dry rosemary

How To Dry Fresh Rosemary In Minutes With This Easy Tutorial

Briefly, there are two methods to dry rosemary: air drying and oven drying. Both methods require cleaning and trimming the rosemary sprigs before dehydrating them.

Rosemary is a hardy herb used mainly in cooked savory dishes. It is popular in comforting home-cooked meals such as lamb roasts, stews, roasted vegetables, and garlic and herb bread.

This delicious fresh herb lasts up to 2 weeks in the refrigerator. If you have more rosemary than you can use in your favorite rosemary recipes, drying is a great way to preserve fresh rosemary. This way you can use them for up to 3 years.

Follow the guide below to find out everything you need to know about drying rosemary.

Can You Dry Rosemary?

Yes, you can dry rosemary, and it’s pretty easy. A warm, dry climate provides the ideal drying conditions for the herb. If you live in a very humid area, it is best to use heat-drying methods such as the oven method.

Humidity and moisture in the air can lead to mold forming before the herb has a chance to dry out completely.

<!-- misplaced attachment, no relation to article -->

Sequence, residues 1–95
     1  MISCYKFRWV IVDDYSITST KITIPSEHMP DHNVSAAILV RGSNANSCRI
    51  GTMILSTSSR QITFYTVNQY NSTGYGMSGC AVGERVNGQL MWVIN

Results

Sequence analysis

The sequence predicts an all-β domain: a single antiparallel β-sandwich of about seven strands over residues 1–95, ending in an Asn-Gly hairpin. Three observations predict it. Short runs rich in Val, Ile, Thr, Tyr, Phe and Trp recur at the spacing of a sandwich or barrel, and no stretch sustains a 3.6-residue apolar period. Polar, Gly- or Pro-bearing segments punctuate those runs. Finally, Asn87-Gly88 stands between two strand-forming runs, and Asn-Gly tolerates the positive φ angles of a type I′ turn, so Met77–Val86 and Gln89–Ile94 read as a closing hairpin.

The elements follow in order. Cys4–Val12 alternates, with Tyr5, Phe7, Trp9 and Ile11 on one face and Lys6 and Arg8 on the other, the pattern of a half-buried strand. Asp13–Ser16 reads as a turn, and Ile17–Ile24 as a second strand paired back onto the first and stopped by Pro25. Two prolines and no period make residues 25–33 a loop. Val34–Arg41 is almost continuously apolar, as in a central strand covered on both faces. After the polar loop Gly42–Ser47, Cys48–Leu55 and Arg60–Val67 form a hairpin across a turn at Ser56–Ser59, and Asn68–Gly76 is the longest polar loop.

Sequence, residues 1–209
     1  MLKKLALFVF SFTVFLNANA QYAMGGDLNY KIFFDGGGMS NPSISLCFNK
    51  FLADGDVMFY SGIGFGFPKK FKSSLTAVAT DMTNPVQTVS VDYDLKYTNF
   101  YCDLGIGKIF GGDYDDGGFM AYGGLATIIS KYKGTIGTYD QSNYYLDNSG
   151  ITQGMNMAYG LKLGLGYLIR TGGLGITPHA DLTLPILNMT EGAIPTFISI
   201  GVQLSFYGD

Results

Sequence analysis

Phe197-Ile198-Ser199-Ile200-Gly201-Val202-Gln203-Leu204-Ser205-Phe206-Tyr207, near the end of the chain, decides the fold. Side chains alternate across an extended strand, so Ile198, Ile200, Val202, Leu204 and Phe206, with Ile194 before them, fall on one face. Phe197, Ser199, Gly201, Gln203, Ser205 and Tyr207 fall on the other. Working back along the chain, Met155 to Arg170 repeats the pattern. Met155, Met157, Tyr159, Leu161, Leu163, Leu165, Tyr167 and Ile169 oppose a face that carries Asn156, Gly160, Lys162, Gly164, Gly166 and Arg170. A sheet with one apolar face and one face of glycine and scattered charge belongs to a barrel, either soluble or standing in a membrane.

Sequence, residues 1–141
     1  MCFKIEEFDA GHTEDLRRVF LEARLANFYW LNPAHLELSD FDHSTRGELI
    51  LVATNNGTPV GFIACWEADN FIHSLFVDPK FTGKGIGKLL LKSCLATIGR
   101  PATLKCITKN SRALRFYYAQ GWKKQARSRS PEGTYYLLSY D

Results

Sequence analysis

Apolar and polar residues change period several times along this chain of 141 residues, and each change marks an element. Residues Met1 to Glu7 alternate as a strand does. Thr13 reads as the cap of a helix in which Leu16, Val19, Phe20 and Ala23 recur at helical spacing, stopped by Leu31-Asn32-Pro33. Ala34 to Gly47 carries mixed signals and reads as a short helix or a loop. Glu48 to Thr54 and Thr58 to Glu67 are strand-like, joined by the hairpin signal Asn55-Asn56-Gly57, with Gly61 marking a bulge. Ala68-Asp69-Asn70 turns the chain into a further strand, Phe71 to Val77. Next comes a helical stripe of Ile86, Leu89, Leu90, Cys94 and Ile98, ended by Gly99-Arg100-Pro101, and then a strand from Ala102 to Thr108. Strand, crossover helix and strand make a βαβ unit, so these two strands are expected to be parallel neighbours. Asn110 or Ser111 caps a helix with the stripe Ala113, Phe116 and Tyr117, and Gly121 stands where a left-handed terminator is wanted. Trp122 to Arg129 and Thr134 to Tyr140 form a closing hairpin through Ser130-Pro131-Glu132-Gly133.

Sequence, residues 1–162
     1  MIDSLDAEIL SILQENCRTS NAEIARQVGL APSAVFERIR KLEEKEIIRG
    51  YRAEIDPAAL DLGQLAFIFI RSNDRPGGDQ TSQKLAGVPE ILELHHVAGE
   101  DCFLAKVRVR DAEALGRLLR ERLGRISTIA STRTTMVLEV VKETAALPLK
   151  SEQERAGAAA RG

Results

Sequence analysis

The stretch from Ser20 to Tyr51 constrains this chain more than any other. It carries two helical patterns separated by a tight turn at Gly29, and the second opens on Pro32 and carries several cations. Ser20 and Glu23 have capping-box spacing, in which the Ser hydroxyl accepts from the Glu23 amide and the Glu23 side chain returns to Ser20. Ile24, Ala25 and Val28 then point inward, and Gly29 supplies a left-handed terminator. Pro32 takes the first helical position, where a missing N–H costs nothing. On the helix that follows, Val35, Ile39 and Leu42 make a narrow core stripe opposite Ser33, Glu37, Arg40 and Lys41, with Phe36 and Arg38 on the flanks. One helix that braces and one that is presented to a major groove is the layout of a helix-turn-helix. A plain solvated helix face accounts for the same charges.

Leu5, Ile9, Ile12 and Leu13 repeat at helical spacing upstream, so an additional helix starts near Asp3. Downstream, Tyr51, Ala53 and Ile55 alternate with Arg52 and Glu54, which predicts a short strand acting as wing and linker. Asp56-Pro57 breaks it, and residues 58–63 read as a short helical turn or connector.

Drying fresh rosemary by hanging has the longest drying time and can take up to 2 weeks. Air drying is, however, the best way to preserve the flavor of this aromatic herb. 

Once dehydrated and packed into air-tight containers, store dried rosemary in a cool, dark, and dry place away from direct sunlight (such as a kitchen cupboard or spice cabinet).

How To Dry Rosemary

Preparation: Cleaning

Regardless of the method you choose to dehydrate rosemary, it needs to be trimmed and cleaned first. 

Step 1: Cut rosemary stems into similar lengths. Discard any yellow, brown, or moldy bits. 

Step 2: Lightly rinse the leaves in cold water. 

Step 3: Place the rosemary sprigs on a clean paper towel and gently pat dry. All the excess moisture from washing should be dried before you start the dehydration process. 

After drying the leaves with paper towels, leave them to air dry further for a few minutes if needed. Decide whether you want to air-dry or oven-dry the leaves and follow the instructions below accordingly.

Method 1: Air Drying

Step 1: Form Bundles

Gather a few sprigs of rosemary and tie them together at the base of the stem with a rubber band or piece of string. Don’t tie more than 5 to 8 sprigs per bundle to allow even airflow and drying.

Step 2: Hang